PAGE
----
3. Type “sudo apt-get update” into the terminal window and hit Enter.
  4. Wait for the update to finish.
  5. Type “sudo apt-get –reinstall install bcmwl-kernel-source” in the terminal window and hit Enter.
  6. Wait for the update to finish, restart the computer and you should be ready to go! 3
  1. This was actually my first foray into using Ubuntu []
  2. I learned how to do this here []
  3. The original site where I learned this fix appears to have been taken over by malware – so I used Archive.org to visit an earlier version []

How to Fix Broken Flip-Flops

We went to Hawaii last year and had all kinds of adventures.  While on these travels, I took a stance against the $40 flip-flops available at every corner and bought a pair of $1 flip-flops at the local Walmart when we stopped to buy water and supplies.  It wasn’t long after coming home from vacation that the plastic strap began come out of the foam sole.  While I wasn’t expecting a lifetime of use out of the flip-flops, I did find a way to quickly and cheaply fix them.

Occlupanid, bread clip, bread bag clip, bag clip, plastic bread bag clip

These ubiquitous plastic clips found on so many bread bags

Step 1: Find a plastic bread bag clip

This little bit of plastic is the only thing you’ll need to fix your flip flops.1 You may be fortunate enough to find a stash of these in your kitchen junk drawer.

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Step 2: Push plastic strap through flip-flops

Before I attempted this fix, I was already just pushing the plastic strap through the hole in the foam sole.  This worked for a few days, but would eventually work itself loose all over again.  After several weeks, the plastic strap would come out after just a couple of steps.

All you have to do is push the strap back through the foam and have your plastic clip at the ready.

fixed flip flop, fixed flipflops

Just push the plastic bread bag clip around the plastic strap and wear the flip flops as normal

Step 3:  Place plastic bread bag clip around plastic strap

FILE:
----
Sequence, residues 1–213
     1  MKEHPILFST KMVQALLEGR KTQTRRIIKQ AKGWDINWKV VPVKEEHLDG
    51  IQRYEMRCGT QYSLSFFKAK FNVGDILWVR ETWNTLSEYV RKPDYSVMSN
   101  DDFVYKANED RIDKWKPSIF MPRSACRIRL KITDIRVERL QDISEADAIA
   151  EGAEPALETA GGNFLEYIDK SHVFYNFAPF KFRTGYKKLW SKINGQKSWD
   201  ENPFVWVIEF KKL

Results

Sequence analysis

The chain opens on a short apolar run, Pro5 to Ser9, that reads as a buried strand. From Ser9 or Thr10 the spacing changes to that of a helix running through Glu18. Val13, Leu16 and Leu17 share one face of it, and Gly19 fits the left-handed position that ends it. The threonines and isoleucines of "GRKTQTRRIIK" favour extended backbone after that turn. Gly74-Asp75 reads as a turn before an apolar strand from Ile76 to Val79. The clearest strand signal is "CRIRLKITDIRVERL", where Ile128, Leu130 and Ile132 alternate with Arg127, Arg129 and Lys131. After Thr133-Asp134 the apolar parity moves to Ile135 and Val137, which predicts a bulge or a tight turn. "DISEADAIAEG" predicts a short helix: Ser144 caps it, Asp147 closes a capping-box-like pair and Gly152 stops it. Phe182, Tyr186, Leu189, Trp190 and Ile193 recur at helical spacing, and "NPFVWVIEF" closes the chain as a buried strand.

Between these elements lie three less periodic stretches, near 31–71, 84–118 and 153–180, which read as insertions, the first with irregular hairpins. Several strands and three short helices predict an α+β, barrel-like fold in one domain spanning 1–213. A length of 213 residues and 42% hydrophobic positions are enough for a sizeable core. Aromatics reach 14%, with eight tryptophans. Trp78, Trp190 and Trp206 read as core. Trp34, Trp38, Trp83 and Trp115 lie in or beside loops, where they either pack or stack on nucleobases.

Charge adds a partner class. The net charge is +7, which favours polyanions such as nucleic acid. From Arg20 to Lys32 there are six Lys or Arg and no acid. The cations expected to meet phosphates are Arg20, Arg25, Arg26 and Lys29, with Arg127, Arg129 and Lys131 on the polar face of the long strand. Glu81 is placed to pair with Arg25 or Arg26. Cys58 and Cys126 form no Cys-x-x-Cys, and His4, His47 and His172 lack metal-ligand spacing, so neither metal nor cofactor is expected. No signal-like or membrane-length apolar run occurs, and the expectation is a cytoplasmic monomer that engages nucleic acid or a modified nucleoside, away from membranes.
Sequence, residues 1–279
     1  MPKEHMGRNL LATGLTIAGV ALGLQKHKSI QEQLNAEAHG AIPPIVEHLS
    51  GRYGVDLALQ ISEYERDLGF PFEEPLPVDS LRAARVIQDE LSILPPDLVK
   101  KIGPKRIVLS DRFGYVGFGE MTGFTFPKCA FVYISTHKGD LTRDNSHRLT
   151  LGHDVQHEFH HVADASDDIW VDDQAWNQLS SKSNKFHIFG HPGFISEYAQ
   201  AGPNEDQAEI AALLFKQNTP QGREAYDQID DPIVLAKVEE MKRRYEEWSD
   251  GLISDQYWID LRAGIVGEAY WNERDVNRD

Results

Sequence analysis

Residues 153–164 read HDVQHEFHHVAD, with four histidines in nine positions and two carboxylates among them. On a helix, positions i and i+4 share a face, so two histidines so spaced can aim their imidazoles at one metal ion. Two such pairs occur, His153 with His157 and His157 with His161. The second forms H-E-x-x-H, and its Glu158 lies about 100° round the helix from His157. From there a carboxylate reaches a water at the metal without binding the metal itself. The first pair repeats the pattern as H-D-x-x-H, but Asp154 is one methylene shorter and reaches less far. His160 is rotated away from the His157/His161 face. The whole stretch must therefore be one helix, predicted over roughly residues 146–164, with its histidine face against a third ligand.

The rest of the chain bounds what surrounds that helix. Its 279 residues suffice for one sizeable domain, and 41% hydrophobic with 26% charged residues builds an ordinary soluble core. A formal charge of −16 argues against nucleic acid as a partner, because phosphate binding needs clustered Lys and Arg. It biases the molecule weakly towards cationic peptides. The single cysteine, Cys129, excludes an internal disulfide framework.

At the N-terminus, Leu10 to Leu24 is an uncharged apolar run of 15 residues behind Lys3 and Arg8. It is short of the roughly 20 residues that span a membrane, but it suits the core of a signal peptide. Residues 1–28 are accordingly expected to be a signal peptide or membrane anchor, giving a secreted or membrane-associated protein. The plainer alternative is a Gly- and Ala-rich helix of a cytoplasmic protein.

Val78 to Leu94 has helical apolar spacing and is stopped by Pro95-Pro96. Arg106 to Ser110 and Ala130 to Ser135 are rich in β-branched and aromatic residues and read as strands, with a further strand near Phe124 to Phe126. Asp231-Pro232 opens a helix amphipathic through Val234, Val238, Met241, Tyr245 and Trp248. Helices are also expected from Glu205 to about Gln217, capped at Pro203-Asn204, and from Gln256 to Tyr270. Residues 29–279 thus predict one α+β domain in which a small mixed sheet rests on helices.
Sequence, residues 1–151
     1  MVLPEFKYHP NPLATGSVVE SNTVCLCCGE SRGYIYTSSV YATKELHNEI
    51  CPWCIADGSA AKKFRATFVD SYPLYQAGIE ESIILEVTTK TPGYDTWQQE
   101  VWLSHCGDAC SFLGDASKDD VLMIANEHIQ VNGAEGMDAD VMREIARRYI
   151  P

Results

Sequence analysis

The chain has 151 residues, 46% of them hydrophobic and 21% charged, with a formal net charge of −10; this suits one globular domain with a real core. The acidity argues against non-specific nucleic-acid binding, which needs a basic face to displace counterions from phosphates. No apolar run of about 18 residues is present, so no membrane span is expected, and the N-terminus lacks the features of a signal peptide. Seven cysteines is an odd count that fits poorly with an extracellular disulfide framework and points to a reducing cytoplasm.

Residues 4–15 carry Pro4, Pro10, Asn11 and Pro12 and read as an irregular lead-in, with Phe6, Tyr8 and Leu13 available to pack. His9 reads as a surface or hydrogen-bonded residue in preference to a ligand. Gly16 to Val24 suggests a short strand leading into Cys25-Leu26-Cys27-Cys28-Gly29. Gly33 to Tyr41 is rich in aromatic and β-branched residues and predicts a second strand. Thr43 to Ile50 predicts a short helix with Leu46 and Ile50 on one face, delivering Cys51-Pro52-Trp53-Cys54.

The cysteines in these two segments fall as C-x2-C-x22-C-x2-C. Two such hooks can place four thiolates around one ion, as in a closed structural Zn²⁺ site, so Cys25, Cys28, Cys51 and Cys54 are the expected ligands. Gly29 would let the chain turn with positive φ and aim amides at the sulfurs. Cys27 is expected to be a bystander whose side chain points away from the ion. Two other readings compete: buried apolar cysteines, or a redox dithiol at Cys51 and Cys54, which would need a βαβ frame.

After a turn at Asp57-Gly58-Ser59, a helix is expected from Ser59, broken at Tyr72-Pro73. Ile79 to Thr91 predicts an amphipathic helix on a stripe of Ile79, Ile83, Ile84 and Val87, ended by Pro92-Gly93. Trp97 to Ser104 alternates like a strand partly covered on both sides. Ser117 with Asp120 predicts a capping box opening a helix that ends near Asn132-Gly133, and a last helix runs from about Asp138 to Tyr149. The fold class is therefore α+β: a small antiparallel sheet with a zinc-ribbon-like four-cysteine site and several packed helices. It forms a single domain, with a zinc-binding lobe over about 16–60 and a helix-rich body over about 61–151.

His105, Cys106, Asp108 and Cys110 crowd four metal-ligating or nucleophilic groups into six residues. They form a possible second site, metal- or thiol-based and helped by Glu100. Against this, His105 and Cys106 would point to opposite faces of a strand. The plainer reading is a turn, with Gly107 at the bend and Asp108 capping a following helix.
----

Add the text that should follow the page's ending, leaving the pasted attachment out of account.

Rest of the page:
All fixed!  I broke off part of one of the “teeth” on the bread clip as I took it on and off the flip flops while taking these pictures.  Although it worked for several more weeks, I think it would have lasted much longer if I had never taken if off or if I had added a little bit of hot glue to keep it in place.

  1. There is WAY more written about these little plastic clips than I would ever have imagined.  But, that’s the internet for you. []

Your Restaurant Website Sucks

WHAT IS SO SPECIAL?!

WHAT IS SO SPECIAL?!

Dear Restaurant,

Your website is really bad.1  It is literally preventing me from giving you money.  Don’t take this the wrong way, all your competitors’ websites suck too.  Fortunately, I have come up with a quick and easy list of things you can do to make your website not suck:

  1. DO prominently display
    1. Phone number2
    2. Address3
    3. Hours of operation4
    4. Your menu in HTML with descriptions5
    5. Bonus points for also having a downloadable PDF of the menu6
  2. DO give important information such as whether you accept cash only
  3. DO NOT have a flash, music, or animations7

Thank you,

Your (soon to be) loyal customer,

MakerBlock

  1. Photo courtesy of Chris Blakely []
  2. So I can call you []
  3. So I can go to you []
  4. So I can be there when you are there []
  5. So I show picky eaters you have a good place to eat with things they will like []
  6. So I can give everyone a copy of your menu []